Goal Setting

by Arielle Essex

Setting goals

Goal setting assumes you already have an idea of how you would like things to be different. It assumes you have a goal in mind.

If you don’t yet have a really big life changing goal in mind, you might like to find one by looking at The ultimate goal and Goal brainstorming.

A goal properly set is half way reached.

Abe Lincoln

The process of goal setting takes your goal and refines it so that it is well specified and understood, and conforms to some basic success criteria. The process means that you constructively focus on your goal with a level of intensity that is sufficiently high and consistent to kick-start the chain of events that will lead to its fulfilment.

Note that setting a goal does not include figuring out how to get the goal. That is a subsequent process; the goal itself must come first.

SMART and other acronyms

For a goal to be achievable, some basic criteria about how it is structured and formed need to be in place. Many acronyms have been created to remind people of these ‘rules’ for setting a goal. The most common of these is SMART – Specific, Measurable, Achievable, Realistic and Time-specific. People have then added many other words to these letters, such as Simple, Meaningful, Attainable, Responsible and Towards oriented, which has confused the issue and made the words themselves less memorable.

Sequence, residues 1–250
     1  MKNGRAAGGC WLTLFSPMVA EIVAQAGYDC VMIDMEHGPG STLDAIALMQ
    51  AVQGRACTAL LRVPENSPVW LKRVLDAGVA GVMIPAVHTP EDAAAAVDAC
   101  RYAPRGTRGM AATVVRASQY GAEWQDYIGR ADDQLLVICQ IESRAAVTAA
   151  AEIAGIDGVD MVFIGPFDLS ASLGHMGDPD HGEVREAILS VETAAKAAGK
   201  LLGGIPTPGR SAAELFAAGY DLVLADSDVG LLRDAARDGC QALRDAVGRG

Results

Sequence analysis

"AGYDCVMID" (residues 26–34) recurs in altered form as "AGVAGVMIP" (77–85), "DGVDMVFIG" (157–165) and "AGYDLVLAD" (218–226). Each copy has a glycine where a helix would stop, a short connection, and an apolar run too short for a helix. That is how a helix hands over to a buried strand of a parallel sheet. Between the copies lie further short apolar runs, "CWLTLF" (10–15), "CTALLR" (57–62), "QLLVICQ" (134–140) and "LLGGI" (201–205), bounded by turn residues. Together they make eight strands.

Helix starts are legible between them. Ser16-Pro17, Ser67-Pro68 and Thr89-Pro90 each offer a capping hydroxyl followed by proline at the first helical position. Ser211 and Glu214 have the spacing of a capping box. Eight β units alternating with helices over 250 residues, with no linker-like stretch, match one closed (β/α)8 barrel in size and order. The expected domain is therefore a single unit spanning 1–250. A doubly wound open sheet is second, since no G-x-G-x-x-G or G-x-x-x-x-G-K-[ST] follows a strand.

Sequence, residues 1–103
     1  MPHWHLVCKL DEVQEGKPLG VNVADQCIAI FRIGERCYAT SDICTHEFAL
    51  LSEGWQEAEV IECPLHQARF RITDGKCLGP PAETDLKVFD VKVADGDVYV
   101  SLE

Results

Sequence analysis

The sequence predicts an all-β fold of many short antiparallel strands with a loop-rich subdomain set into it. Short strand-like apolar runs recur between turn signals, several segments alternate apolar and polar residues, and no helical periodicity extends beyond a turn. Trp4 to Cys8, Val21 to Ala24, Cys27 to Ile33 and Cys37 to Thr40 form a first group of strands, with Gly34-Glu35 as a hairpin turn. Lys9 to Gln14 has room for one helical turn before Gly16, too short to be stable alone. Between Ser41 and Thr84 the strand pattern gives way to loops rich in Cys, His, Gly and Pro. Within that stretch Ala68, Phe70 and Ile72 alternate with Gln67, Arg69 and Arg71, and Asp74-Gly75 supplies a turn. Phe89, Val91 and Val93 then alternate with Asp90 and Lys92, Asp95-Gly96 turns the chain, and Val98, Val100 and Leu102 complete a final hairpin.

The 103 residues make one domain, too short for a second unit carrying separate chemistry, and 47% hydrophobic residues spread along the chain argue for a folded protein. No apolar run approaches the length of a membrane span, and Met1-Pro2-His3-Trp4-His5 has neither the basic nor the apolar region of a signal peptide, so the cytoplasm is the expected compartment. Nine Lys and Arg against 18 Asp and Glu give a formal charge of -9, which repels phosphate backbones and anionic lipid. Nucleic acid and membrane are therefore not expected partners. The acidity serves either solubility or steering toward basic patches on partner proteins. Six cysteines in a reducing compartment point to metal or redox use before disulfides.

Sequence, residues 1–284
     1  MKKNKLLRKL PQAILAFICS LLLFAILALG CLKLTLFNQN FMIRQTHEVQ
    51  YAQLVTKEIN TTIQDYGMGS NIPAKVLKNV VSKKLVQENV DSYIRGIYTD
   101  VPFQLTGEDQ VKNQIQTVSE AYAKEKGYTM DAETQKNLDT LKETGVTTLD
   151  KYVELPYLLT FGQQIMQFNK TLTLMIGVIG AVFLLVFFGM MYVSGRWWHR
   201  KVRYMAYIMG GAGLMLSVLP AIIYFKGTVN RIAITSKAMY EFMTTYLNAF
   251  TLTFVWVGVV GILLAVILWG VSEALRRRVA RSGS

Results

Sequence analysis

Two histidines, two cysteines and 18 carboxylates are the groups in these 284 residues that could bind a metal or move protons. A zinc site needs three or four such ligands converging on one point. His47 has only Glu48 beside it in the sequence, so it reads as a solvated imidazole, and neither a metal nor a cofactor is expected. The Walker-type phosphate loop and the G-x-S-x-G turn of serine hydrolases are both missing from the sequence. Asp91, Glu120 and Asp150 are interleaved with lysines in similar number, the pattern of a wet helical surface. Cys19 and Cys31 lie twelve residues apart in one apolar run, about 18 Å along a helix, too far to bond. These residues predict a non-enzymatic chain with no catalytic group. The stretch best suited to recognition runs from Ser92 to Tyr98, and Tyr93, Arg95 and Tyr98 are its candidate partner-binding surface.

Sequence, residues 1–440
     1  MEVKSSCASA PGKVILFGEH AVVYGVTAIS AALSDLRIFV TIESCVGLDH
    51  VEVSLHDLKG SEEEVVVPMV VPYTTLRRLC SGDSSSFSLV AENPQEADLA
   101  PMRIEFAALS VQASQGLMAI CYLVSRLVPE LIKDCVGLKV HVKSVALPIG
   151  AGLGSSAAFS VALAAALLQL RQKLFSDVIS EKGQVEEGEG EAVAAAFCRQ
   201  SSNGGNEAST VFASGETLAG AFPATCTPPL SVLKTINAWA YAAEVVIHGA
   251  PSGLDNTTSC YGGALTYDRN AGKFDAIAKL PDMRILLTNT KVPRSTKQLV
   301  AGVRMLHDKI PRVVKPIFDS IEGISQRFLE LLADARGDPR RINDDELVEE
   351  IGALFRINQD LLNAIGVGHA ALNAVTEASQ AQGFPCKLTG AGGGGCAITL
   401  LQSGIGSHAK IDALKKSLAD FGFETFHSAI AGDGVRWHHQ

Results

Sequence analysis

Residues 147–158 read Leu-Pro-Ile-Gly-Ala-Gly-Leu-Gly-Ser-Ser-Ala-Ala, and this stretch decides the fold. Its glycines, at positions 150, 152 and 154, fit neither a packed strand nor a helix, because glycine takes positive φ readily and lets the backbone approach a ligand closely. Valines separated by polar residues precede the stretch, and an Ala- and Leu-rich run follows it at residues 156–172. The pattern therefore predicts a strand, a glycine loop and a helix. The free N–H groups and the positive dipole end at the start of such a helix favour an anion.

The acronyms can certainly help, but you may miss an important step when using them. We have gathered together all the steps and put them in a list on a separate page so you can print them out, and use them straight from the page rather than trying to remember the different words that belong to the letter ‘M’. Setting a big goal is far too important to rely on a half-remembered mnemonic.

The process

Write down your goal and then go through the steps in the process.

Take some time doing this: really answer all the questions and think about what you are doing. If you miss a step, you risk missing the goal. Your truly big goals are important. Most people spend longer planning a two-week holiday than they take planning their life.

The process works just as well for smaller goals, but it is better if these are being set in support of a BIG goal. This way, they can draw on the juice and voltage from the BIG one.

The output

Once you have been through the goal setting process, you will have a goal that brings you out in a rash of enthusiasm every time you think about it. You have a goal that you can commit to.

You will have this sense of ‘How can it not happen?’ It just seems inevitable.

If this is not the case, you have more work to do, either on the goal itself or on factors around it, as there is obviously something inside you that is still saying ‘Yes, but...’

Believing you can, you can. Though you might not.

Believing you can’t, won’t change that you can. It just hides it.

Mike Dooley

If the only thing you are thinking about is what you need to do next, go to the page on Getting goals.